FX’s American Horror Story struck out in the best movie or miniseries category at the 64th Annual Primetime Emmy Awards Sunday night. Though American Horror Story co-star Jessica Lange took home an award for best supporting actress in a miniseries, the scary acclaimed drama lost to HBO’s Game Change in the main category. American Horror Story also faced Sherlock (PBS), Hatfields & McCoys (History), Hemingway & Gellhorn (HBO), Luther (BBC America).
Emmy voters clearly loved the freshman FX program – it was nominated for a whopping 17 nominations overall. But the network endured some criticism and more than a little second guessing after entering the show in the miniseries category rather than go up against shows like AMC’s Mad Men and Showtime’s Homeland in the main drama series category. American Horror Story returns for a second season on Oct. 17, but with a different storyline and new characters (though with some of the same actors). As the Los Angeles Times noted last week, the horror show’s “Emmy tactics have some critics screaming, and not in a good way.”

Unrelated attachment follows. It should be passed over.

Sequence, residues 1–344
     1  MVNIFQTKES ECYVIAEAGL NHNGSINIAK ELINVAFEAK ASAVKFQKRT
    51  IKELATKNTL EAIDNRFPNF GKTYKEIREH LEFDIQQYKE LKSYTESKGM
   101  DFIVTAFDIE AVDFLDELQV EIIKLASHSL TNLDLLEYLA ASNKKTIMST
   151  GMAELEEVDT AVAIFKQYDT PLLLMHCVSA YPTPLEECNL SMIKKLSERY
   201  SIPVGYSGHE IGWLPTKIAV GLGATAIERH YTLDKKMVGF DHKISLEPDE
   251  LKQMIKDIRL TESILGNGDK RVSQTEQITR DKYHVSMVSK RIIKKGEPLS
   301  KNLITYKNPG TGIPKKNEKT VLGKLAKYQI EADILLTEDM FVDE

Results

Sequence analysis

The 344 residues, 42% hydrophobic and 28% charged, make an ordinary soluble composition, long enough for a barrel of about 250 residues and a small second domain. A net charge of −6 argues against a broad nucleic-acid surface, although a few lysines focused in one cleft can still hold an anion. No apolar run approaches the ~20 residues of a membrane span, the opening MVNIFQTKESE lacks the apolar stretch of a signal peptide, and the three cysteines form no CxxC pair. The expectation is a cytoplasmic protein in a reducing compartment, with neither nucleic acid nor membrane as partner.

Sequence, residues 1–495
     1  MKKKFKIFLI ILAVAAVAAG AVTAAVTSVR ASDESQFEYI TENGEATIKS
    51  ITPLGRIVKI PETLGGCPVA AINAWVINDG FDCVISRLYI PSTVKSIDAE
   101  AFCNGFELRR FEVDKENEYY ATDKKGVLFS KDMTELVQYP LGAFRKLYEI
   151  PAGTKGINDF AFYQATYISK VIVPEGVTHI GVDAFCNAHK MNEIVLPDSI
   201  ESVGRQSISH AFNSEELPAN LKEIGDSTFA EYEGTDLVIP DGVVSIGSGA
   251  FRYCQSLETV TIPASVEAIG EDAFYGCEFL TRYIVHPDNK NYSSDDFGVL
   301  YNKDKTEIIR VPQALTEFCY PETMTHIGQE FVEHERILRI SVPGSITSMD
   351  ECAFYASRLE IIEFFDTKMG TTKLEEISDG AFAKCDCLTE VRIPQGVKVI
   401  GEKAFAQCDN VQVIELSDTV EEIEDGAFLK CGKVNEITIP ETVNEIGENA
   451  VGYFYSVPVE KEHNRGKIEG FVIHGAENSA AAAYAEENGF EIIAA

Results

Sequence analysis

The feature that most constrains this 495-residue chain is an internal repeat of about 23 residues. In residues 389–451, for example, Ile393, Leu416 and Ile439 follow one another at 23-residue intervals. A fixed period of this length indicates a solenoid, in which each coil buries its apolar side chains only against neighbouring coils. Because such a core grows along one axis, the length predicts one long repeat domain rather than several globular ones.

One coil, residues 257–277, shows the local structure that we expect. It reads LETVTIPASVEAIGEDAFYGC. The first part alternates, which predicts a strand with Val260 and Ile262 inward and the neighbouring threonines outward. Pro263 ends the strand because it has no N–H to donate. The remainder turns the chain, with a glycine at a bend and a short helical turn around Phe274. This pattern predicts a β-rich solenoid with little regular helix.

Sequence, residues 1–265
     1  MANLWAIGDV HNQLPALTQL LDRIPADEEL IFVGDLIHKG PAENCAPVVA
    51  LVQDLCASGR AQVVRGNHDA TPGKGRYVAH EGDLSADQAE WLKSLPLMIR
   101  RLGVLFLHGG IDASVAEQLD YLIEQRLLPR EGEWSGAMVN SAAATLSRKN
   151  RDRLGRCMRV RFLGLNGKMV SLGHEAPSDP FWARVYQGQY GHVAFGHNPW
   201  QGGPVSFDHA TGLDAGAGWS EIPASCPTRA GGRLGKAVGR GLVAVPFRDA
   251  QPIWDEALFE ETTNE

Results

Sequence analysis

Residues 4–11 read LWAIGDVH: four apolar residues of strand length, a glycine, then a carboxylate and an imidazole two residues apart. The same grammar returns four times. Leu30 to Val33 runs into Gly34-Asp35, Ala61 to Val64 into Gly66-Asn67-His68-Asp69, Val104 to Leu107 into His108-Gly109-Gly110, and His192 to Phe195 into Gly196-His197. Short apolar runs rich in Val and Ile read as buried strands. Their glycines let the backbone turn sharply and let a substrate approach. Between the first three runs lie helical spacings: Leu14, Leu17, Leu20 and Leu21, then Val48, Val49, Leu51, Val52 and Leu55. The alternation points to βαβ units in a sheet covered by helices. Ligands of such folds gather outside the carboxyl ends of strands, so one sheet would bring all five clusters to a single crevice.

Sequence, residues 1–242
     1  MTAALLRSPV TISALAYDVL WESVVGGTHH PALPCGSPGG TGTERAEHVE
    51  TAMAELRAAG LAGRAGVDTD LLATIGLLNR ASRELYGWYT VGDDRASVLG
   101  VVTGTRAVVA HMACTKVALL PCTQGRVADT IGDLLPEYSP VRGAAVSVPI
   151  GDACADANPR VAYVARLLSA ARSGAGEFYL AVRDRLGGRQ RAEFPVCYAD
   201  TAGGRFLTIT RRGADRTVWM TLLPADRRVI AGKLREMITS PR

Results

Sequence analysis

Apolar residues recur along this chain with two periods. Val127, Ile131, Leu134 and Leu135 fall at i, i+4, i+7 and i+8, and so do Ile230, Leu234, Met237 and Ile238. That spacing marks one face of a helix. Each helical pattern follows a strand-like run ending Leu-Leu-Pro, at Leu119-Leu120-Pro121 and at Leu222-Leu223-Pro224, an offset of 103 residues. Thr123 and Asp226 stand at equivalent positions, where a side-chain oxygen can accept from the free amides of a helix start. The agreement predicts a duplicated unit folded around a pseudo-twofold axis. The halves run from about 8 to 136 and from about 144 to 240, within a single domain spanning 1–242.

FX president and general manager John Landgraf defended the choice last July at the Television Critics Association’s semi-annual press tour. “We always knew that American Horror Story was going to be a miniseries in the sense that we knew that it was a close‑ended show that had no continuing story lines or characters between the 13 episodes that were produced and aired and subsequent seasons,” Landgraf said. “And, you know, that’s the definition of a miniseries. A miniseries is a show that has no continuing story elements or narrative elements between one group of episodes and another.”
But could the criticism have weakened the show’s chances of pulling off the top category? Or was HBO’s acclaimed election drama Game Change – the type of film that would normally be considered a lock to win this category – simply the better project?